Jenkins and I were about to start making our way to Ollantaytambo in Peru to start the Inca Trail portion of our trip. But first, we took a tour of the Sacred Valley of the Incas before we went on the trail. It was pretty fascinating to see all the Incan ruins and to get a better understanding of the Incan way of life. One of the highlights of our Sacred Valley tour was a stop in Pisac, where there is a large street market that is one of the main draws of the town. I had been to quite a few street markets in various Peruvian towns by that time so I skipped the clothing and trinket stalls and made a beeline to the food stands.
Our guide recommended that we check out the empanada lady who was housed in a little hut with an oven that baked fresh empanadas by the dozens. All we had to do was follow our nose and the crowds as she was quite popular.
I had had empanadas before but they were nowhere near as good as the ones this lady made. The bread was slightly crispy on the outside and inside, the empanada was stuffed with a variety of fillings. I forgot to take a picture of the inside but there was just the right amount of filling. Jenkins and I first decided to share a ham and cheese version but it was so tasty, I went back and bought a couple more for the remainder of the bus ride. I especially enjoyed the traditional version which was filled with onions, tomatos, cheese, oregano, and rosemary. Each empanada cost less than $1.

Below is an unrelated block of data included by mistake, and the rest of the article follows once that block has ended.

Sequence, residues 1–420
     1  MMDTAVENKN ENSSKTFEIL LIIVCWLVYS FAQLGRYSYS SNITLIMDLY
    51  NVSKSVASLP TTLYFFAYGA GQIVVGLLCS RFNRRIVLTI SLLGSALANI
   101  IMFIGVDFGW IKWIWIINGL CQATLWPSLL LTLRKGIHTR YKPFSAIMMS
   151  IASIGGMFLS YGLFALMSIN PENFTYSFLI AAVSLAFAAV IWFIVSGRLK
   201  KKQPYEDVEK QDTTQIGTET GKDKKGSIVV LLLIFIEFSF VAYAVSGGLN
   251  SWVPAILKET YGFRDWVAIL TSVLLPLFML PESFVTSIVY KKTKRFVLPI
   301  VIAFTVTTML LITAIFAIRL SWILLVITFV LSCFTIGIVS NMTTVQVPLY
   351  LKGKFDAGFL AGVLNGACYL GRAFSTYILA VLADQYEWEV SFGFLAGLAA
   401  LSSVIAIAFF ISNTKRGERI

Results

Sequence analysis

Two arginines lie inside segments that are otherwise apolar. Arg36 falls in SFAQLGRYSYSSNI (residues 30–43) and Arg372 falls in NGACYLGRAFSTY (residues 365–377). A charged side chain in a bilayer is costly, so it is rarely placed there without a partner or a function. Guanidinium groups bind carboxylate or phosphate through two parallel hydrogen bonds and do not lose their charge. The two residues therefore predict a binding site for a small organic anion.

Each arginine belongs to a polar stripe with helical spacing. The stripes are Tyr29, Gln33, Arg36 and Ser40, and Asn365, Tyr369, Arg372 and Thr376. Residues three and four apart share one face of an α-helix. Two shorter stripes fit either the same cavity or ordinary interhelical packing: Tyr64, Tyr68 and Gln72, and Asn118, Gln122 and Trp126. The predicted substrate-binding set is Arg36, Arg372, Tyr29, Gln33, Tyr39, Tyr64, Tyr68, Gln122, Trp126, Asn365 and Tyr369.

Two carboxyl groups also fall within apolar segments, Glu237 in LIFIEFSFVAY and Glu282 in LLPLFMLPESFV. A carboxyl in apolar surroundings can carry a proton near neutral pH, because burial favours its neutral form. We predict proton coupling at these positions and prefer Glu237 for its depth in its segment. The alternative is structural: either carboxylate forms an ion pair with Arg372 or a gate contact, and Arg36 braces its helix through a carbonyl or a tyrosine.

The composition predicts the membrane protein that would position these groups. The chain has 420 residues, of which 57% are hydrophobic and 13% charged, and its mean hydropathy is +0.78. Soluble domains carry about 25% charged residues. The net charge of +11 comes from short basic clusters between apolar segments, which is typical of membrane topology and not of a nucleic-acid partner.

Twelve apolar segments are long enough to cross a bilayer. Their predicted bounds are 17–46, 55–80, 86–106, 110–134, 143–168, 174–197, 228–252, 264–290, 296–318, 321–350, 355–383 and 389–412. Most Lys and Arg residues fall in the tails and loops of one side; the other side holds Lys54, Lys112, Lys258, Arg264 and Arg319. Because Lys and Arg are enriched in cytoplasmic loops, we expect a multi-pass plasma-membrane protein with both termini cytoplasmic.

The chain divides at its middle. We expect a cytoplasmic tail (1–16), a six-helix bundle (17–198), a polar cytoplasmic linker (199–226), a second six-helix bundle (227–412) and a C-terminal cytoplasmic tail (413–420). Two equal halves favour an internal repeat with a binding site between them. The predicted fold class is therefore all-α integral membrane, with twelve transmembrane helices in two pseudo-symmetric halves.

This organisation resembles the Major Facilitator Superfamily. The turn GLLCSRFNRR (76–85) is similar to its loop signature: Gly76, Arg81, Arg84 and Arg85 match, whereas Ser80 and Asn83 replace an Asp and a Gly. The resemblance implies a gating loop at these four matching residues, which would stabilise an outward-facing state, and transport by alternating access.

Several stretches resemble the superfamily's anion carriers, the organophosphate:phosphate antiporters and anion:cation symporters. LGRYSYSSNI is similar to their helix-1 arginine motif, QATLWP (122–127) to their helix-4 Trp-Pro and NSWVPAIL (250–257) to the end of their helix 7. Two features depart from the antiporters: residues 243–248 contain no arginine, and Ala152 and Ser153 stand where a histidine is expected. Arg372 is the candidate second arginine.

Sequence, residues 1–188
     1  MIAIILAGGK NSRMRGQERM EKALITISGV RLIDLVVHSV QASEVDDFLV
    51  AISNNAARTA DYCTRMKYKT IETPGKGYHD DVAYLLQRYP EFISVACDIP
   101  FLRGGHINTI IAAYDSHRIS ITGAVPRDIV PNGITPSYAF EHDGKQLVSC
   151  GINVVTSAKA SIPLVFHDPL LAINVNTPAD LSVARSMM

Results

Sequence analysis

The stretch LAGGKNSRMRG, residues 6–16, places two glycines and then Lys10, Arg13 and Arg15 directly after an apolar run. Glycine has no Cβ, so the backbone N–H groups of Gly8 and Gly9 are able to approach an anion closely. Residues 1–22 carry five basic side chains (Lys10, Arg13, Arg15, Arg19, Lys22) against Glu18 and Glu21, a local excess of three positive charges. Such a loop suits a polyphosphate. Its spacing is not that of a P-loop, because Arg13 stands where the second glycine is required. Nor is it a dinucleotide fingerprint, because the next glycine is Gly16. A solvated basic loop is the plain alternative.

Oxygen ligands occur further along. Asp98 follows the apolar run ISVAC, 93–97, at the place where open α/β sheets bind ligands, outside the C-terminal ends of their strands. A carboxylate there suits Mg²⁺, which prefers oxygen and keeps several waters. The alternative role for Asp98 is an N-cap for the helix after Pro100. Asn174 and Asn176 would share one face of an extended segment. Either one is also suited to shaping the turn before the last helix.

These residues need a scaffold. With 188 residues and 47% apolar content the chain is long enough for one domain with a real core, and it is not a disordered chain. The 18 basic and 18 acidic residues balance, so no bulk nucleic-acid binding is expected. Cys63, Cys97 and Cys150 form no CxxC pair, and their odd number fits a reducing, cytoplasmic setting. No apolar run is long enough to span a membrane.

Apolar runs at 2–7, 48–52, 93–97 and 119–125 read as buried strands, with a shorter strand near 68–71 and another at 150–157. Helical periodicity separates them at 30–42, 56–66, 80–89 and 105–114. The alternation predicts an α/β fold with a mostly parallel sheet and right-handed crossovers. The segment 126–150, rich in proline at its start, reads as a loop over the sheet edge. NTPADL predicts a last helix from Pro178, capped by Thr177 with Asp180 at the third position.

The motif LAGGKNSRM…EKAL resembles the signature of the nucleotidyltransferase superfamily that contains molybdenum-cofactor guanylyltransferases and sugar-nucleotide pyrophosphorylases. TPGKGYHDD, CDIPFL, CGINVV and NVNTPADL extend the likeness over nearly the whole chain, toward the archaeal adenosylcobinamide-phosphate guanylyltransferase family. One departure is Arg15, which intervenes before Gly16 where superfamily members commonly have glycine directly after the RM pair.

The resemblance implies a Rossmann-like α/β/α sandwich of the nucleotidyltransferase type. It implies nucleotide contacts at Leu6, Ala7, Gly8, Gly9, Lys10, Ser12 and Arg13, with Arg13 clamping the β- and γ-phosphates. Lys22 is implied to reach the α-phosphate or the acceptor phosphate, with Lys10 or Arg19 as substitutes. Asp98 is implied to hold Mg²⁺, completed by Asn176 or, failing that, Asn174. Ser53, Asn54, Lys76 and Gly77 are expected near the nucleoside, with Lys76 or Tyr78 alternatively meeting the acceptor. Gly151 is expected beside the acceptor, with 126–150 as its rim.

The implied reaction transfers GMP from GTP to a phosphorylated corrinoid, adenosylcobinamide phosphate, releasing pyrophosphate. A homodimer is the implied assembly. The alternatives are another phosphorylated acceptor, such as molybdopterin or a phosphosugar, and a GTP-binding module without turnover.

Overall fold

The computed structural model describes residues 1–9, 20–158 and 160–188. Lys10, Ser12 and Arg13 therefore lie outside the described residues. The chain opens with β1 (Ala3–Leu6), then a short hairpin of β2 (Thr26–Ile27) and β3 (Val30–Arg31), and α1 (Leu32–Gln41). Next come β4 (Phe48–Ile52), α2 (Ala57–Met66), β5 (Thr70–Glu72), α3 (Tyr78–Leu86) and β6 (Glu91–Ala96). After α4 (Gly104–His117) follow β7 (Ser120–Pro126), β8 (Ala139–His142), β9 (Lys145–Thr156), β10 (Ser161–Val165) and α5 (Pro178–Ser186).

For $2, I also bought a cob of Incan corn. Each kernel was about the size of my thumb nail. Perhaps because the kernels were so big, they almost had a meaty texture to it but was not as sweet as the Chilliwack corn we have in the Lower Mainland. I was told that this is the corn eaten by the Incan kings because it had the largest kernels so it was quite the treat for me.
I quite enjoyed my taste of the local food in the Sacred Valley area and only wished I was able to spend more time there. If you happen to be in Pisac and see the empanada lady at the market, be sure to pick up a few empanadas!